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Make no mistake about it: The renaissance of electric vehicle manufacturing has been one of the most significant blessings of innovation in the 21st century. The continued production and voluntary adoption of electric vehicles have made the United States a greener and cleaner nation. However, while EV makers continue working to bring the U.S. forward environmentally, they need to ensure their design methods do not have a negative impact on one of the country’s most crucial national security apparatuses.

As the former administrator of the Federal Emergency Management Agency (FEMA) that oversaw the operations of over 220 declared disasters, I am concerned about what I’ve seen from automakers removing AM radios from vehicles — an action that will make Americans less safe in emergency situations.

Interference between the broadcast reception and the electric motors of certain cars, principally electric vehicles, is the reasoning behind some companies’ decision to eliminate the radio from car dashboards. However, scrapping radio rather than making the signals compatible can severely harm the federal government’s disaster relief efforts.

Federal law mandates that FEMA always possess the capabilities to deliver messages to the American people. To this end, FEMA has spent tens of million dollars and counting perfecting the Primary Entry Point (PEP) stations — consisting mostly of AM stations, but some FM ones as well — that connect to The National Public Warning System.

Ninety-five percent of American households own a car. They need to be made aware of breaking threats, hazards and alerts while they are traveling. Beyond that, though, the American people need a connection that can withstand even the worst of natural disasters. The National Public Warning System achieves both objectives.

Thanks to over $100 million in investments from FEMA, these stations now have backup infrastructures and emergency power generators that allow continued broadcasts during even the height of the worst of disasters. No other means of electronic communications in the country is as efficient or reliable as the radio. In fact, presently, these broadcasts are the only method the government has to reach every point in the country.

The utility of radios during emergencies has been incalculable. Just ask the Michigan residents victimized by the 2012 Dexter tornado, the Grand Rapids flood of 2013, and the Great Flood of 1986 how critical radio broadcasts were in remaining informed and safe during these natural disasters.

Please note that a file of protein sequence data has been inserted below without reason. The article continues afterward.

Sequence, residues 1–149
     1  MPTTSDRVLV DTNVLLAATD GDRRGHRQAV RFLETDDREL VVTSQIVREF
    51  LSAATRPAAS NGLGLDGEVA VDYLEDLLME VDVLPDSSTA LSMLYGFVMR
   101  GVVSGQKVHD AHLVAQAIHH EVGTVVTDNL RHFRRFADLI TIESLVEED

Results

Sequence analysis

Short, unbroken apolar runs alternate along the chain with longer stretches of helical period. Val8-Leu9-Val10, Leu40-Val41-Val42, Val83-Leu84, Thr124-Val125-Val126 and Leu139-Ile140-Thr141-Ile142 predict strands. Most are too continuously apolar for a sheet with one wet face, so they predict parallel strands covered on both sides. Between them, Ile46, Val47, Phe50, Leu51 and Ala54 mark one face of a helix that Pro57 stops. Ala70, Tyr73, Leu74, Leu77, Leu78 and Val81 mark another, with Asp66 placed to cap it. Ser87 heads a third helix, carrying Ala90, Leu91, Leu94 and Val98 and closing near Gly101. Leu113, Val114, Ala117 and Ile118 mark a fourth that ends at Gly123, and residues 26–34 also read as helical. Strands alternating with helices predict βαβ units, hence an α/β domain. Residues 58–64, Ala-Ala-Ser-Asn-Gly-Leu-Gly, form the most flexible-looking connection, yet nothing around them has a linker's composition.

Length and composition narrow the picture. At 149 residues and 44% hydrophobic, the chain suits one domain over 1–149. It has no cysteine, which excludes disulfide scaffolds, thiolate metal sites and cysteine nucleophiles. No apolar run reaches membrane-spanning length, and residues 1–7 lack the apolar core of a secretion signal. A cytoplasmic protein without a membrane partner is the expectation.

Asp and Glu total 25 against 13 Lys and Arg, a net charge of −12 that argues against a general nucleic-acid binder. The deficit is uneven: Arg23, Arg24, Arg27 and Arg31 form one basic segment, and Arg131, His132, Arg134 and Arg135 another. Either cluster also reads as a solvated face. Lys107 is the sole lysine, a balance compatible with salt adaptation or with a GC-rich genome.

But the significant role radio has played during emergencies does not stop there.

For example, during 2017’s Hurricane Harvey, station managers slept on the floor of their offices for days. Texans depended on them to learn about the recovery teams the government sent to differing locations, as well as announcements about shelters, water recession levels, and other critical pieces of public safety information. 

During Hurricane Sandy, more than a million people in the New Jersey-New York area were listening to the radio during any 15-minute period.

The bottom line is that, while power can knock out television and the Internet, the American people’s emergency radio signals almost always remain as strong as ever.

FEMA recognizes the importance of preserving and strengthening the signal of broadcast stations. Recently, the Agency added even more backup facilities, costing $1.5 million apiece, along with more stations. Nevertheless, the full benefits of these tens of millions of dollars in federal internal improvements will never be realized should automakers continue to strip radios from more of their new makes and models. 

Just as boats and planes need to carry life vests, so do cars need to carry radios. Taking them out puts consumers at risk, plain and simple.

Here’s hoping that auto manufacturers begin to obtain more clarity on the importance of radio and recognize that they are more than a tool for public entertainment. The success of future governmental disaster relief efforts will depend on it.

Brock Long formerly served as administrator of the Federal Emergency Management Agency (FEMA). He is an American emergency manager and executive chairman at Hagerty Consulting.

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